Compiling this week's Red Sox observations while wondering who was angrier during their interview -- The Boston Globe's Dan Shaughnessy, who called out the team's offseason inactivity, or CEO Sam Kennedy, who was forced to answer for it ...
... Might as well start there. Shaughnessy's illuminating interview confirmed what has been very obvious throughout the winter -- the Red Sox aren't going for it. That in and of itself isn't a tremendous revelation, since spring training starts in a month and all the Red Sox have to show for their efforts thus far is outfielder Hunter Renfroe, right-handed swing man Matt Andriese, and retread Martin Perez.
What's problematic is the framing, which WEEI.com's Rob Bradford laid out in a column I wish I had written first. Kennedy falls back on the "going all in" excuse, à la Bill Belichick, to explain why 2018 hasn't been replicated. He also notes that the farm system has been decimated, which is true, but frankly should explain future struggles more than current ones.
The issue, for me, is that Kennedy ignores the 2013-style middle ground the Red Sox could very easily try to stake out, especially with roughly $30 million to spend. There's a way to take the long view while simultaneously spending a little bit to make 2021 competitive. One needn't compromise the other.
Ben Cherington proved this in one magical lightning strike of a winter when he turned Mike Napoli, Shane Victorino, Jonny Gomes and Co. into one of Boston's most satisfying champions.
Even if they're unlikely to replicate that level of success, the baseball season is long, and there's value in fielding an entertaining product that either makes the playoffs or at least stays in the hunt. It doesn't need to be title or bust.
But with every mid-level free agent that comes off the board, the Red Sox appear increasingly wedded to entering spring training with most of last year's roster and then hoping that injured players (Eduardo Rodriguez, Chris Sale) heal or underperforming ones (J.D. Martinez, Rafael Devers) regain their prior form.
Hopefully I'm wrong on that last count and Chaim Bloom plans to be active over the next three or four weeks to upgrade the rotation, second base and center field. But it already feels like the opportunity to do something impactful is slipping away, and that the Red Sox simply don't want to spend again until they know there will be butts in the seats, and that's why fans are angry.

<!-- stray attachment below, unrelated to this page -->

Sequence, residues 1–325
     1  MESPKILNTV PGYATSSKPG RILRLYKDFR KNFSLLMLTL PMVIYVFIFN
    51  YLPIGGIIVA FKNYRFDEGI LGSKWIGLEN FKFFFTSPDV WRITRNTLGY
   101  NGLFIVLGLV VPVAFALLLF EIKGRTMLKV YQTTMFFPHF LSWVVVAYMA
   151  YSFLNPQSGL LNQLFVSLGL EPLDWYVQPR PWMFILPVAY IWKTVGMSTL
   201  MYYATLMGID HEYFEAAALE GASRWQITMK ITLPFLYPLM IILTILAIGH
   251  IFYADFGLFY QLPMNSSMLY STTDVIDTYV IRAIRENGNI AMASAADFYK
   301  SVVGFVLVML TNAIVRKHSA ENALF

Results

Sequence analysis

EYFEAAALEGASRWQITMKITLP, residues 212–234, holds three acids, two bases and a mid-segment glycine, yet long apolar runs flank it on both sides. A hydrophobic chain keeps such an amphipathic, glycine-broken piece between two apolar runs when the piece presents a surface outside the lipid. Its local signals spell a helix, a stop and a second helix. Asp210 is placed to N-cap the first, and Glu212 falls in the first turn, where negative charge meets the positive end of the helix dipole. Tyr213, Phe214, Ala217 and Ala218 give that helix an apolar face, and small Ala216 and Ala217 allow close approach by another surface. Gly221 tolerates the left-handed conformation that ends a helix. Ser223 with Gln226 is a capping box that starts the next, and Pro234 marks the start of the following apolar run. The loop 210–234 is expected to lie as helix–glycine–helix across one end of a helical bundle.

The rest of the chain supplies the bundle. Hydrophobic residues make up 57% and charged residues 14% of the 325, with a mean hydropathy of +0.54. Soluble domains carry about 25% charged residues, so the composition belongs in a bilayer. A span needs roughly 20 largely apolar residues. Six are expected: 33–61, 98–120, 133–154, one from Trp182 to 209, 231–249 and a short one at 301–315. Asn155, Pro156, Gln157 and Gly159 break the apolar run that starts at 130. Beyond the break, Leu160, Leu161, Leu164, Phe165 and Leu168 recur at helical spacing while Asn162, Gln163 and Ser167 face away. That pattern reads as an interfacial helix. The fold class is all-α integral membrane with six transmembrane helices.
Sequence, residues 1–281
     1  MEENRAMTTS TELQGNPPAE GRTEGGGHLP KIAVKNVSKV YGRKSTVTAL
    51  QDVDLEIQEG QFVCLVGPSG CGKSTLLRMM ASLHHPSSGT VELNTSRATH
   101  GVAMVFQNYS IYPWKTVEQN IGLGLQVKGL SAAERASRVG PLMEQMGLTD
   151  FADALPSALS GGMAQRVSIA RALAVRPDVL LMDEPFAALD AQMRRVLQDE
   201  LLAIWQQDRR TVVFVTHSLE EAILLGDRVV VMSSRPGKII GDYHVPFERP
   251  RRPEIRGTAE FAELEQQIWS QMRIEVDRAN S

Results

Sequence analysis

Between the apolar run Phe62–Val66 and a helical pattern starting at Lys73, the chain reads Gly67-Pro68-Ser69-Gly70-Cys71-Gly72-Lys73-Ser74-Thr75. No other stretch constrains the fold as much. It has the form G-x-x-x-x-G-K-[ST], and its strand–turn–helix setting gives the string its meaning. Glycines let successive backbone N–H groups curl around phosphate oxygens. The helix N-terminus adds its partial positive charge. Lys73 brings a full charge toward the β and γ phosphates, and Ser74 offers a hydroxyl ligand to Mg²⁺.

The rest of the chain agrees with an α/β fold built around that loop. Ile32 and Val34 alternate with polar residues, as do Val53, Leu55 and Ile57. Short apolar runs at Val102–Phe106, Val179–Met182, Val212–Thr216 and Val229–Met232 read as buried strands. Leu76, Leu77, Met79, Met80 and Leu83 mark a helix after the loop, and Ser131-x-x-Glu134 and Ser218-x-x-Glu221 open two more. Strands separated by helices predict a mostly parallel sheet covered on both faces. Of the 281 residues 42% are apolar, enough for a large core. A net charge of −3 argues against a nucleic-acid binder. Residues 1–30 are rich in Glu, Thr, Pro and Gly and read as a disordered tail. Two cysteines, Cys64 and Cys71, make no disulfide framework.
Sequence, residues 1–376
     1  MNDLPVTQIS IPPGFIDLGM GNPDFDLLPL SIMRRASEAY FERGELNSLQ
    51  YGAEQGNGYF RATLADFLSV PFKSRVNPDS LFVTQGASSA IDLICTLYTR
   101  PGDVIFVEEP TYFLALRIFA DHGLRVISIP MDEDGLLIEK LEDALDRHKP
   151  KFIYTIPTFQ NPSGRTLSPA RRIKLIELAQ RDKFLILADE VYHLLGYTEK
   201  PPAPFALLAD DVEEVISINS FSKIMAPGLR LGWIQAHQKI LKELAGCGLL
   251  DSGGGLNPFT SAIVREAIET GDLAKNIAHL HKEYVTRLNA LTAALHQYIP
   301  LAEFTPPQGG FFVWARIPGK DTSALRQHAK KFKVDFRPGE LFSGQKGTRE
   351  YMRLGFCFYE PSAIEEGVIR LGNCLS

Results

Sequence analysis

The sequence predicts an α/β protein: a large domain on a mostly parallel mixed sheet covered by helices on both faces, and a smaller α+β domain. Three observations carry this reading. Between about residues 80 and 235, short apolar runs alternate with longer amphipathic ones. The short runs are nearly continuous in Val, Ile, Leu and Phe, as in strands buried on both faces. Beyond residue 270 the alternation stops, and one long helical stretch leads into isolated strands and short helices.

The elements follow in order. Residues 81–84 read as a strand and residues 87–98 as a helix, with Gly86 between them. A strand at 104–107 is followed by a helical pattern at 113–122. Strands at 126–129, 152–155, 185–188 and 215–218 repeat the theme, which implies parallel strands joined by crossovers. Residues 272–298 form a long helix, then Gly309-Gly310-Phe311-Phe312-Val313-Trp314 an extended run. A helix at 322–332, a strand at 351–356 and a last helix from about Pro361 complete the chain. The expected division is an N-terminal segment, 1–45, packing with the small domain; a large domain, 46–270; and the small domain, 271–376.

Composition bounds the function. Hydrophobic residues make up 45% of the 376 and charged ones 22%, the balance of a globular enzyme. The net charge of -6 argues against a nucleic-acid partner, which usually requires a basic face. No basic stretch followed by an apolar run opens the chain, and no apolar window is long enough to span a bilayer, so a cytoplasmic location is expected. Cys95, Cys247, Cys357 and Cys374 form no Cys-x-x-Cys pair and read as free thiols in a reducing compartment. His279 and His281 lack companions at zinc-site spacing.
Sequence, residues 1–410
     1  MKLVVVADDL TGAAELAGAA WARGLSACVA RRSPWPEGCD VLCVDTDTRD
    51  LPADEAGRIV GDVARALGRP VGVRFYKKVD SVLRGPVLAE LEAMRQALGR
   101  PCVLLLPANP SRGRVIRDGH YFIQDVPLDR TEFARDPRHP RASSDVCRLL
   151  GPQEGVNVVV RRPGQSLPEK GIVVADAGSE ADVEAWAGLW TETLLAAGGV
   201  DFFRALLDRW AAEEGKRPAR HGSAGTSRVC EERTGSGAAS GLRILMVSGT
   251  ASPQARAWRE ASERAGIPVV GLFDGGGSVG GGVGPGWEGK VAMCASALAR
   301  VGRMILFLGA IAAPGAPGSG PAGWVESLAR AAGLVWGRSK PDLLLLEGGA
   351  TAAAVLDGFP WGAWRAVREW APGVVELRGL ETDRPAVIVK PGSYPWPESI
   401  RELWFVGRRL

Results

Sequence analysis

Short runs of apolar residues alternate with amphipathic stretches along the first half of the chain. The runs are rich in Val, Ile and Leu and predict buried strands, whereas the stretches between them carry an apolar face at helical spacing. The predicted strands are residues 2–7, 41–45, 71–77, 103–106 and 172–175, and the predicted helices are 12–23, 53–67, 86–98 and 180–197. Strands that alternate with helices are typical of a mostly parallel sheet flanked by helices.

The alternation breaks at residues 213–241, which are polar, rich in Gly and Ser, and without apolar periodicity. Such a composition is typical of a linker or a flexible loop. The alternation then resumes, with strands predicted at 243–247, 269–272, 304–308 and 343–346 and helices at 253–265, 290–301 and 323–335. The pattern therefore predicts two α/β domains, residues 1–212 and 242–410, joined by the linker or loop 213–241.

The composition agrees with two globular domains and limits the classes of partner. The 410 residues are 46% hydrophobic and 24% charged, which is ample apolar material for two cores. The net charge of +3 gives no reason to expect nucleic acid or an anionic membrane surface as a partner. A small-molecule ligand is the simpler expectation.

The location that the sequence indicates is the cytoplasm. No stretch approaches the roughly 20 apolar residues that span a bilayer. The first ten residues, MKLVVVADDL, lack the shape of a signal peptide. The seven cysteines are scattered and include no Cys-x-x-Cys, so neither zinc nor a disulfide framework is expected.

... On the other end of the spectrum, how about them Blue Jays? After years of building a powerhouse farm system that has already yielded potential All-Stars Vladimir Guerrero Jr., Bo Bichette, and Cavan Biggio, the Jays made their biggest free-agent splash since Roger Clemens a quarter of a century ago when they inked outfielder George Springer to a six-year, $150 million contract that solidifies the AL East as baseball's most competitive division.
Despite once routinely drawing over four million fans a year, the Jays have been content to act like a small-market team for most of the last 25 years. After winning their second straight World Series in 1993, they didn't make the playoffs again until 2015.
They were swept by the Rays in the 2020 Wild Card round, but they haven't stood pat since. One year after making one of the best signings of free agency in right-hander Hyun Jin Ryu, who finished third in the AL Cy Young voting, they've added Springer and All-Star closer Kirby Yates. They also retained trade-deadline acquisition Robbie Ray on a reasonable one-year, $8 million deal, and they've got the game's No. 6 overall prospect in right-hander Nate Pearson waiting in the wings.
While the Red Sox talk about building for the future, the Jays are making it arrive. They join the Yankees and Rays atop a crowded division, further muscling the Red Sox down the standings.
... One point on Springer, Trevor Bauer, J.T. Realmuto, and D.J. LeMahieu that bears repeating -- if I were the Red Sox, I wouldn't have been in on any of them, either. Doling out $150 million contracts is what you do when you're one piece away, not starting over. The compensatory draft picks are more important to the future, and if that's the plan, it's a sensible one.
But there are ways to remain competitive in the interim, and the Red Sox thus far don't seem particularly interested in pursuing them.